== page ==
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Family served arrest warrants for 'disturbing the peace' at graduation

Story highlights

  • Four people served arrest warrants for "disturbing the peace"
  • Family must go to court or pay at least $500 fine
  • Superintendent says he wants to maintain order at ceremony

(CNN)Four people who cheered -- allegedly excessively -- for their loved ones at a high school graduation ceremony in Senatobia, Mississippi, say they've now been slapped with an excessive punishment.

Two weeks after watching her niece walk across the stage at Senatobia High School's graduation ceremony on May 21, Ursula Miller received a warrant for her arrest for disturbing the peace.
    "I just called her name out. 'Lakaydra,' Just like that," Miller told CNN affiliate WREG.
    Now, Miller said, she has to appear in court or could face at least a $500 fine.
    Henry Walker waved a towel and yelled, "You did it baby," to his sister as he walked out of the ceremony. He is another one of the four who also received the warrant.
    "It's crazy," Walker told WREG. "The fact that I might have to bond out of jail, pay court costs ... for expressing my love -- it's ridiculous, man."
    Superintendent Jay Foster doesn't think the punishment is ridiculous at all, especially after he said he reminded audience members repeatedly to hold their applause until the end of the ceremony.
    "The goal was to allow all graduates to have the privilege of hearing their name called," Foster said. So, the reminder was also printed in the program.
    Ursala Miller, left, was served with an arrest warrant along with Henry Walker, right.
    After four people disobeyed the request, Foster asked the Northwest Mississippi Community College's police chief if there was any further action he could take in light of what happened on campus where graduation was held.
    Chief Zabron Davis told CNN he assisted Foster in filling out the affidavit to file charges of disturbing the peace. Foster took the affidavit to Justice Court where it was filed and where the warrants were issued, according to a release from Northwest Mississippi Community College.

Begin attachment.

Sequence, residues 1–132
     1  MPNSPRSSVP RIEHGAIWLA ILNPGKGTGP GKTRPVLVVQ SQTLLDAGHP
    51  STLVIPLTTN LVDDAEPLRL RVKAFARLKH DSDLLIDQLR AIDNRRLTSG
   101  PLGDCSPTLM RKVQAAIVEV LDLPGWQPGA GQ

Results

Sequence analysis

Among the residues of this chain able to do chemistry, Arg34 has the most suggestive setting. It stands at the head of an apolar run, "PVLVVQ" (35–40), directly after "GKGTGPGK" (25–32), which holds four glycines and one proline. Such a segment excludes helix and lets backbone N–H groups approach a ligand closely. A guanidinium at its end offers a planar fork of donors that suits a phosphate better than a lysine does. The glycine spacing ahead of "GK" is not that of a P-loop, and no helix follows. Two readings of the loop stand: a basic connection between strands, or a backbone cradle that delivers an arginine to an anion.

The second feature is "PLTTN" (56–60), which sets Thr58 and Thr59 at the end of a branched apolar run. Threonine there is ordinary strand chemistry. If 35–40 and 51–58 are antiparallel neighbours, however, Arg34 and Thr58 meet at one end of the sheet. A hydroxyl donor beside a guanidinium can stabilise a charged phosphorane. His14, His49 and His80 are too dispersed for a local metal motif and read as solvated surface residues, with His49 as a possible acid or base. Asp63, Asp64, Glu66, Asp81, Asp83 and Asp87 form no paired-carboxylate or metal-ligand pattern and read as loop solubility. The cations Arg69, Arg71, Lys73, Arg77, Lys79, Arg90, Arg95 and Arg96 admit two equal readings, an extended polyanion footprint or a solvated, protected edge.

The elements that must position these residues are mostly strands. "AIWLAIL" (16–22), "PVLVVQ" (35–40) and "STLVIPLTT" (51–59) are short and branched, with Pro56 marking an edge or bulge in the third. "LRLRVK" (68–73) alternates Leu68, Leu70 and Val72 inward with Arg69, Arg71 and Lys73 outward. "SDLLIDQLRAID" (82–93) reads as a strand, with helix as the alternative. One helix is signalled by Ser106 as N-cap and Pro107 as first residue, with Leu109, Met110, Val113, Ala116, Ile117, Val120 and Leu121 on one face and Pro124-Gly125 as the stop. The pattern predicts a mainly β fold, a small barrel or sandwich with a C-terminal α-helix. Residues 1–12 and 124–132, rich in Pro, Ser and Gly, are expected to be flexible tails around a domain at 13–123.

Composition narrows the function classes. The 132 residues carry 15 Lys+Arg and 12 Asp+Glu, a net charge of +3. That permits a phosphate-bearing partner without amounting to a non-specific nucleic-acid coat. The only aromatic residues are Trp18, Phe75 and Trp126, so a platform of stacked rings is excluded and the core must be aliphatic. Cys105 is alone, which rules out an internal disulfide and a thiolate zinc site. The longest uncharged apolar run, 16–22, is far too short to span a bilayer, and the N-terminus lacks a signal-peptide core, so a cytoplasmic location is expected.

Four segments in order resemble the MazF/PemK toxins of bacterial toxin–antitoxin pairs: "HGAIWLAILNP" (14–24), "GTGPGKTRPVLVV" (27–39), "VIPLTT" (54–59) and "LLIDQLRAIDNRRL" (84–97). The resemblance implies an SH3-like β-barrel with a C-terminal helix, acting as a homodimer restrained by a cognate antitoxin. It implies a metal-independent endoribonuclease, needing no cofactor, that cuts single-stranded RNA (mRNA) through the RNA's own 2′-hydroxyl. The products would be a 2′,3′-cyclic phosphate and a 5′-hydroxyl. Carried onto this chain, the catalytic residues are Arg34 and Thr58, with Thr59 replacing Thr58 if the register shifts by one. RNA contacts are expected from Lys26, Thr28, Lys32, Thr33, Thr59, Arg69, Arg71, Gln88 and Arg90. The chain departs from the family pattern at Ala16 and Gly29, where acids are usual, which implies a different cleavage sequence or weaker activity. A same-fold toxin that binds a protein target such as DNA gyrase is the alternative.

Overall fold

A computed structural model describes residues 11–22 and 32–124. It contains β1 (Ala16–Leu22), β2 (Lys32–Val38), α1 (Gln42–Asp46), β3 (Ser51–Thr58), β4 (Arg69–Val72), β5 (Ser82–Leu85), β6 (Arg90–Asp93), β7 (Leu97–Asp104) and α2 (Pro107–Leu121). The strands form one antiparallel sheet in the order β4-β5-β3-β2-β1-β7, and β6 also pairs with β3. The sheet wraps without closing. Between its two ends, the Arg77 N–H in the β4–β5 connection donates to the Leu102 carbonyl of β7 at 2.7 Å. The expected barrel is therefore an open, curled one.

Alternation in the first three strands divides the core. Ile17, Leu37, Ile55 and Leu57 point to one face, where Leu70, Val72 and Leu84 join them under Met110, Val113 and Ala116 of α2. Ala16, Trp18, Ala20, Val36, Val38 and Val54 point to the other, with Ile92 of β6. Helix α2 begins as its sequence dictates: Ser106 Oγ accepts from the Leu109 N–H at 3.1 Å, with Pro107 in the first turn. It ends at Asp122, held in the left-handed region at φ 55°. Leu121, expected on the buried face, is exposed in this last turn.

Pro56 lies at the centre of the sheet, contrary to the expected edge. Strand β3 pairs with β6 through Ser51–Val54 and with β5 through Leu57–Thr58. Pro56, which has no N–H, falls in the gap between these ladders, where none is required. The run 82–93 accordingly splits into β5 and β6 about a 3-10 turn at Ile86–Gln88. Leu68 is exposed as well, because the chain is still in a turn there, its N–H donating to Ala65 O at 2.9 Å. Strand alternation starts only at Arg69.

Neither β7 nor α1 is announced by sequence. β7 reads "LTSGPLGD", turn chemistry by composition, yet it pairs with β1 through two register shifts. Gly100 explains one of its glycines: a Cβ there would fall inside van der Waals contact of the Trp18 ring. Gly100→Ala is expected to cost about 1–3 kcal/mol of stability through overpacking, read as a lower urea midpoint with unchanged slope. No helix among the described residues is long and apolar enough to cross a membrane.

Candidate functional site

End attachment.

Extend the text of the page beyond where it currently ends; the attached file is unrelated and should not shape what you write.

The college said it will conduct a review of its role in hosting high school graduations in light of these events, Sarah Sapp, director of communications for Northwest Mississippi Community College said.
    Foster, who is in his fifth year as superintendent, said when he arrived at the district, the graduation ceremony was not "conducted in a manner we were happy with."
    After seeing graduates missing their names being called and audience members leaving during the ceremony and disrupting others, Foster said he began implementing changes to make things better.
    Some of those initiatives including requiring anyone attending the ceremony to have a ticket.
    Foster also involved police, asking officers to escort out any audience member who made an outburst.
    Last year his efforts paid off, Foster said, making for "the best ceremony we've ever had."
    "We want everyone to see their own loved ones graduate and hear their names called," Foster said. "When people disrupt that, it takes away from the students and their families."
    Miller said she was only supporting her niece when she yelled out her name and thinks Foster has gone too far.
    "I can understand they can escort me out of the graduation, but to say they going to put me in jail for it. What else are they allowed to do?"